Degradation of chlorinated polyethylene: Effect of antimony oxide on the rate of dehydrochlorination


Degradation of chlorinated polyethylene: Effect of antimony oxide on the rate of dehydrochlorination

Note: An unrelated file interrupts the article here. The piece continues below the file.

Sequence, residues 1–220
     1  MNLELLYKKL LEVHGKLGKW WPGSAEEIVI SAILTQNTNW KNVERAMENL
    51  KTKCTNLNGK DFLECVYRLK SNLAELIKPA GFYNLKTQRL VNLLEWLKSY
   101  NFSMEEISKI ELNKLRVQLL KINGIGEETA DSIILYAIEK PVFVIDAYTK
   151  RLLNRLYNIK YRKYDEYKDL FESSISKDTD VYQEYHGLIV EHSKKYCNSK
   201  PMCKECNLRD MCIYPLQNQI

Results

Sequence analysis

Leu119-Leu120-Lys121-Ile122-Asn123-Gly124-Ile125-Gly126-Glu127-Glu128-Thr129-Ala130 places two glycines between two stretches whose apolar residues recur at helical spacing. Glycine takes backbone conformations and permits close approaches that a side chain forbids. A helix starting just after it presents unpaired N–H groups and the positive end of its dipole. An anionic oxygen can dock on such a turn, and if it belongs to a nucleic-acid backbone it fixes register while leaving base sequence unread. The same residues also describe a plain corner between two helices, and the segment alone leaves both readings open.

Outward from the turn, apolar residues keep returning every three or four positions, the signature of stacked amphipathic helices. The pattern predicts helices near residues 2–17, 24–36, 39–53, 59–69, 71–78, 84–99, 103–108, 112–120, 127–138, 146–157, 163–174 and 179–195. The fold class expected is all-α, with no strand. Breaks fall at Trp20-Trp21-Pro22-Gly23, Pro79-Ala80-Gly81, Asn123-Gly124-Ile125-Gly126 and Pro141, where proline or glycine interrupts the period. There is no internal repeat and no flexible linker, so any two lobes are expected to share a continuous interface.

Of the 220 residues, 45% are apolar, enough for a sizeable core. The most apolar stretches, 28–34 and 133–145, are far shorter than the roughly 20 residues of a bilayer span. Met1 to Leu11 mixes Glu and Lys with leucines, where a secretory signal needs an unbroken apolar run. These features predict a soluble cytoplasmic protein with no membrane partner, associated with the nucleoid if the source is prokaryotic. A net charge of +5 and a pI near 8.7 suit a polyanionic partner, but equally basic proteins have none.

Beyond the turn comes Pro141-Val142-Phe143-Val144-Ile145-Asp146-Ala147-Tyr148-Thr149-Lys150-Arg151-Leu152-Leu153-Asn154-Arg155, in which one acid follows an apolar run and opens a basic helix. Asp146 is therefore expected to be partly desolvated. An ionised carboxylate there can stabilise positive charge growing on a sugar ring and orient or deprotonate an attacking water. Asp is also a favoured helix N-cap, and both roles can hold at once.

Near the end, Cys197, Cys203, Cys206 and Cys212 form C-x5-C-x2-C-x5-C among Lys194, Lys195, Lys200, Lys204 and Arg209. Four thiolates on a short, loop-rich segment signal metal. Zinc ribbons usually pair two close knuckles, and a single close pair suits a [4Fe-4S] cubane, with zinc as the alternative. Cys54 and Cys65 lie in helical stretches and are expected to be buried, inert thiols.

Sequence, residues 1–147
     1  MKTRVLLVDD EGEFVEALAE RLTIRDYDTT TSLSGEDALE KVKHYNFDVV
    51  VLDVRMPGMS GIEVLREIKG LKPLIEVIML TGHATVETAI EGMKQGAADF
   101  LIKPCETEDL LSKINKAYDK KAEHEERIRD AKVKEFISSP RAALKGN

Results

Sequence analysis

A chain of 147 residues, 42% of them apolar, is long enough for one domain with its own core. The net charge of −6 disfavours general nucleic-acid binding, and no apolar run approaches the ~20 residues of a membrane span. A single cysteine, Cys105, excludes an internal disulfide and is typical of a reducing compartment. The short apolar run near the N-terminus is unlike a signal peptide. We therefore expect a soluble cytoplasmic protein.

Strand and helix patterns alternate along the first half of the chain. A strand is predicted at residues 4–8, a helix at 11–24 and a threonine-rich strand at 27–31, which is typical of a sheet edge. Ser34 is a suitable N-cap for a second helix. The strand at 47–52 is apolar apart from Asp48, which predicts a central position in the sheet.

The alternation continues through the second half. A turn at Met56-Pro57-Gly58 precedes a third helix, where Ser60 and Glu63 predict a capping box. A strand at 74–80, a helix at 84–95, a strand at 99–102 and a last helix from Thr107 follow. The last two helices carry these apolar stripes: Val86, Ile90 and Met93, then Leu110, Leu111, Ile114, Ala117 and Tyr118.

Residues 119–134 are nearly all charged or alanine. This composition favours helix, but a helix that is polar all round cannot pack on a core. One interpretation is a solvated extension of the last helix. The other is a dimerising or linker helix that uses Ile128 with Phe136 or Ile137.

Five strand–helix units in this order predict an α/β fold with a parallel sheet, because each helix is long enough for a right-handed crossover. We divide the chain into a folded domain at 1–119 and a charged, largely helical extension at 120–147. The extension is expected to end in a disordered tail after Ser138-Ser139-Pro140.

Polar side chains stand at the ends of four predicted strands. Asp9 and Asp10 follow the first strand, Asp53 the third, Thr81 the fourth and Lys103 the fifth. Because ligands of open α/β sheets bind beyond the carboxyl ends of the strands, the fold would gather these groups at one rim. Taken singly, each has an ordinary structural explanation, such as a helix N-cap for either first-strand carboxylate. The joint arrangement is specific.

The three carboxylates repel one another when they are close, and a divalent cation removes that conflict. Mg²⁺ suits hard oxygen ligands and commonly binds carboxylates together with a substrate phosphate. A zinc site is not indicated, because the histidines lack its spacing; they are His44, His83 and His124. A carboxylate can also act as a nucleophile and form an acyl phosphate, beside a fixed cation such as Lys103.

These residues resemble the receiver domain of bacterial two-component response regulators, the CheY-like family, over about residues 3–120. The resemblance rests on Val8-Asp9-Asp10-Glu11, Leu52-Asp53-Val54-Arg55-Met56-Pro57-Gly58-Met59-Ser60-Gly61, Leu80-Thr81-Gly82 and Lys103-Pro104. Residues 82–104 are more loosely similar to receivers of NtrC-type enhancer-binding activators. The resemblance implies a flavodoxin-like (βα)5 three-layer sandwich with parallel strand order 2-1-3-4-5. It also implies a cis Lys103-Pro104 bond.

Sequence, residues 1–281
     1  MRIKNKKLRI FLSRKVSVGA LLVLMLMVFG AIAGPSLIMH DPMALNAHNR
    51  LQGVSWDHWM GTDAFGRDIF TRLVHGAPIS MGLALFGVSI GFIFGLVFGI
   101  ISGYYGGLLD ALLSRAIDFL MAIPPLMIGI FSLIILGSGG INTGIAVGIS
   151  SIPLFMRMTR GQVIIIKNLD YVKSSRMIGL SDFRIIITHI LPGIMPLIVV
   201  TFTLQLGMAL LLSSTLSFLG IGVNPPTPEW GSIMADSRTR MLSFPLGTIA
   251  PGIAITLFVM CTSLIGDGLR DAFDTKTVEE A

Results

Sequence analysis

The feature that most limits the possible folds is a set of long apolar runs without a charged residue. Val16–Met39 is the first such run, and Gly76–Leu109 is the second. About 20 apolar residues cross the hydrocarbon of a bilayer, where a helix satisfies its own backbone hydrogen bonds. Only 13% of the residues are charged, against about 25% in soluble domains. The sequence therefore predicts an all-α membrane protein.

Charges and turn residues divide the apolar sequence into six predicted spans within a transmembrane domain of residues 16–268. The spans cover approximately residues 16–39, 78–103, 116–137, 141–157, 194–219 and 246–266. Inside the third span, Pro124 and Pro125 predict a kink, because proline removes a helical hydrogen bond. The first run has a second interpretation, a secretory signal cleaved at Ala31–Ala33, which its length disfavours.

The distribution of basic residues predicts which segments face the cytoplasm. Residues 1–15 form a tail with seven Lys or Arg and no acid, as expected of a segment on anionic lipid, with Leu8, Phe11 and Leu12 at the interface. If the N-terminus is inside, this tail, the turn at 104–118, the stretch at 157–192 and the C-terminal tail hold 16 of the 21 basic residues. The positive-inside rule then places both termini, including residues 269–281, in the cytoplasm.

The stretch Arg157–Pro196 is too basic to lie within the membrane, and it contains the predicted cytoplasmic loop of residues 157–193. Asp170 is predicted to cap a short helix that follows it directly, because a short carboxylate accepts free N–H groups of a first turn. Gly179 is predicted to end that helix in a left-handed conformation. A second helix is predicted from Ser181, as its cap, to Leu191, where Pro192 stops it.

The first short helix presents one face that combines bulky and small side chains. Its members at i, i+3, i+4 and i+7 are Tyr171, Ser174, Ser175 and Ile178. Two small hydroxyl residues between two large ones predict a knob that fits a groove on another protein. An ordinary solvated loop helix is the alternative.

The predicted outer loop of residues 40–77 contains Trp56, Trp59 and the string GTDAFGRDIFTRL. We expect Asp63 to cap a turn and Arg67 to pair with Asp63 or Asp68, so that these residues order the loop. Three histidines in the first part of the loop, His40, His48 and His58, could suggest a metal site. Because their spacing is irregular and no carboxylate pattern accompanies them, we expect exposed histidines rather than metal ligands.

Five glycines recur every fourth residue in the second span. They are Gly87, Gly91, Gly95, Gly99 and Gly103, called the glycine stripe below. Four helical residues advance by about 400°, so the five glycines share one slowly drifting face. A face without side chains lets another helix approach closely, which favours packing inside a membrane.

The degradation of two chlorinated polyethylene compounds CPE 25 (45% chlorine) and CPE 16 (36% chlorine) was studied by following their rates of dehydrochlorination at two temperatures, 150°C and 180°C in pure nitrogen and pure oxygen atmospheres. Studies on the powdered polymers showed that the dehydrochlorination rate of CPE 25 is about fourteen times faster than that of CPE 16 in nitrogen atmospheres and only three to four times faster in oxygen. The molded polymers gave a lower rate of dehydrochlorination than when in the powdered form. This effect is attributed to diffusion factors. The antimony oxide brought about an induction period in the dehydrochlorination reaction during which only a small amount of HCl is evolved, followed by a very fast rate of dehydrochlorination both in oxygen and nitrogen atmospheres. The duration of the induction period increases with increase in the Sb2O3 concentration, but is followed by an accelerated HCl loss which is faster when Sb2O3 concentration is higher. This work provides supporting evidence that SbCl3 was formed and lost during degradation. Mechanisms of dehydrochlorination are suggested for the reaction in the case of pure chlorinated polyethylene and for the polymer containing antimony oxide.
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